Elisa on Tom Ford Noir Extreme and olfactory desserts for men (and not only).
First there was Thierry Mugler Angel, widely credited with creating both the gourmand and “fruitchouli” categories; perfumer Olivier Cresp poured ethylmaltol – the smell of burnt sugar – into a patchouli-heavy oriental base, starting a craze for caramel in perfume that hasn’t much slowed in 20 years. Then came Angel’s counterpart A*Men, also released in 1996, making the world safe for gourmands for men. A*Men smelled shockingly like mint chocolate chip ice cream, but retained its masculinity thanks to lavender and plenty of that same earthy, mothball-like patchouli seen in Angel.
Since its release, it has spawned plenty of variations. In addition to all the A*Men flankers (including my favorite, A*Men Pure Malt), other gourmand-friendly lines like Hanae Mori and Viktor & Rolf have offered up sweet scents for men. Take HM (1997), a crazy but appealing mix of candy notes, lavender and lemon. Later, in 2000, came Lolita Lempicka au Masculin, a delicious licorice fougère. And the release of Spicebomb in 2012, with all its smoky, leathery tobacco goodness, felt like a masculine gourmand revival.
Tom Ford Noir Extreme is the latest dessert scent to hit the men’s shelves. It’s supposedly based on the idea of kulfi – an ice cream–like frozen dessert from India usually flavored with pistachio, rosewater, and spices like saffron and cardamom. Noir Extreme is not really as exotic as all that, but the overall impression is definitely gourmand. I don’t notice the particular character of pistachio so much as almond and tonka bean, with its hay or tobacco-like undertone. These combine with a little spice (I detect cinnamon) and a lot of balsams and end up smelling like a Coke float, or some kind of bastardized affogato – American coffee poured over Ben & Jerry’s. Fun!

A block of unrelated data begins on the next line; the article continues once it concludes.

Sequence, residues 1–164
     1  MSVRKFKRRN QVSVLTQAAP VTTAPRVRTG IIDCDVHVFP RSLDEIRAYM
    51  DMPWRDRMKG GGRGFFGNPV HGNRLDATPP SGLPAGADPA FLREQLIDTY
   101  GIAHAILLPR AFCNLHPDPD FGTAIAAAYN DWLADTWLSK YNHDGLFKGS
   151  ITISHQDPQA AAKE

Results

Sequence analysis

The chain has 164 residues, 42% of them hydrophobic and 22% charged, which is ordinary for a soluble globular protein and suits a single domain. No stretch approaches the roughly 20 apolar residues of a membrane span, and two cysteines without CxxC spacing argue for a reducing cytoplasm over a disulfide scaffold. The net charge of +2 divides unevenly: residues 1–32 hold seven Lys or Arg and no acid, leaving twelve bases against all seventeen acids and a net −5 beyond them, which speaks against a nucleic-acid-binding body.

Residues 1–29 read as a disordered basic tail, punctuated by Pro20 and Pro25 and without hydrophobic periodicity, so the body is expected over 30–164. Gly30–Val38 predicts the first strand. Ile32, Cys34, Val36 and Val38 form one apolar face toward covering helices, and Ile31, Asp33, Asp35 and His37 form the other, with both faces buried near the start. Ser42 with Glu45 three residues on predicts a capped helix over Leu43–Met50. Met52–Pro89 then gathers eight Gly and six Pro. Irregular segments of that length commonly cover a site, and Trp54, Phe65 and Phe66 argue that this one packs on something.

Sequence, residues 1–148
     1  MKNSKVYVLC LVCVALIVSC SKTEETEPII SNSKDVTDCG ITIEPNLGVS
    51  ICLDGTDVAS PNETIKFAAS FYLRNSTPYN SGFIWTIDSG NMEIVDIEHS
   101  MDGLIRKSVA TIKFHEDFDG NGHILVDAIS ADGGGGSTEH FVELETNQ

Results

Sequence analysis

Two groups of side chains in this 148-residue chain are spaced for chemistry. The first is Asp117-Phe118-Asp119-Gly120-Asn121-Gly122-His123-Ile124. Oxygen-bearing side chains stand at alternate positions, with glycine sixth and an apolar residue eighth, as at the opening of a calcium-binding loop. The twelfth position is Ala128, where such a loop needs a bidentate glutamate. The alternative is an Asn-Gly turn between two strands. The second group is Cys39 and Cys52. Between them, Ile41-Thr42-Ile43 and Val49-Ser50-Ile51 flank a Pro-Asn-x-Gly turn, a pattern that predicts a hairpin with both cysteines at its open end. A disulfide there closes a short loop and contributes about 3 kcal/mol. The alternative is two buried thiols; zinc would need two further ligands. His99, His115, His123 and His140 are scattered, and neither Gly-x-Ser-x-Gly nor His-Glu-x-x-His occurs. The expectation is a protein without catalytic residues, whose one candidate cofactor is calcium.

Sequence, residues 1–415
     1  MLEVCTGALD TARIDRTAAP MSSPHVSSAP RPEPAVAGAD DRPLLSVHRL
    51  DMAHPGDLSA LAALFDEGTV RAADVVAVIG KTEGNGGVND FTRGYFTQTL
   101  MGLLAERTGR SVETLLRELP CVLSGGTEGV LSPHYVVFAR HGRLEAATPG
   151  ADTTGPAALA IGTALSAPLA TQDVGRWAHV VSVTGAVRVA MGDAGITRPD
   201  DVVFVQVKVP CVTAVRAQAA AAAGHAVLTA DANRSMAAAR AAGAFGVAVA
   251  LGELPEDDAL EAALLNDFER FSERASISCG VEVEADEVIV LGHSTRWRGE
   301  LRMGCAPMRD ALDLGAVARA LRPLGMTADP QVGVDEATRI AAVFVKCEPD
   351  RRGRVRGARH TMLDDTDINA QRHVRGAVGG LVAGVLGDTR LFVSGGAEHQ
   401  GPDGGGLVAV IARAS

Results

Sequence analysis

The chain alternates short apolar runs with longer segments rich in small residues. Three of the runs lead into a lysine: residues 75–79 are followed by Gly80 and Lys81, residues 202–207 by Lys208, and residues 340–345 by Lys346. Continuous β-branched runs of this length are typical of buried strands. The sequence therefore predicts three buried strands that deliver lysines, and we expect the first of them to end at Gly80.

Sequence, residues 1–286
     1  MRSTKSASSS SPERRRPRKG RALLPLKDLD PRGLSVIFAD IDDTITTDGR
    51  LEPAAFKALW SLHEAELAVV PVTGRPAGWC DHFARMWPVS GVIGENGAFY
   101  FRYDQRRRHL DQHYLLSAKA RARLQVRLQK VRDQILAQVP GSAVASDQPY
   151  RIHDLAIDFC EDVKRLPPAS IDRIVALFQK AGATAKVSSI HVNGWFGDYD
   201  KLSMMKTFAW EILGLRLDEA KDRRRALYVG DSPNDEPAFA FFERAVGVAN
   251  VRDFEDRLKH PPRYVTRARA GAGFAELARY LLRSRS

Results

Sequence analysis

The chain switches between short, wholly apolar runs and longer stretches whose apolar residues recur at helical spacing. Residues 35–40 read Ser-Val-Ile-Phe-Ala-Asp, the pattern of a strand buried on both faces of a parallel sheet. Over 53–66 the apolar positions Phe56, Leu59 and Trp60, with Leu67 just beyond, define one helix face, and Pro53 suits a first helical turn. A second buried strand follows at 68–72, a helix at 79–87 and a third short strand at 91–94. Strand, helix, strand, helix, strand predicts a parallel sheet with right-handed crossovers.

But lurking behind this sweet, creamy, nutty mix – at first, you notice it most from a distance – is a surprising hit of menthol. Menthol as in Newport cigarettes, as in Vick’s VapoRub. This frosty, medicinal edge works like the patchouli in A*Men to say “Not so fast, you can’t eat me!” (It even made my arm feel cold.) With time, the foody effect wears off, and you’re left with an amber that is both lactonic and bracingly camphoraceous.
You can probably tell I was instantly fond of Noir Extreme, but it does have its drawbacks (I mean, aside from the name having nothing to do with anything; this perfume is not noir). The dissonance of the top notes doesn’t last very long, so you feel rushed along to the drydown. And while I like that drydown a lot, it’s not as rich and layered as my favorite gourmands pour homme – or the original Noir, for that matter. So this isn’t a rush-out-and-buy-now situation, but it did make me smile!
Tom Ford Noir Extreme includes notes of mandarin, saffron, nutmeg, cardamom, neroli, kulfi, mastic, rose, jasmine, orange blossom, amber, sandalwood, and vanilla. Available at major department stores.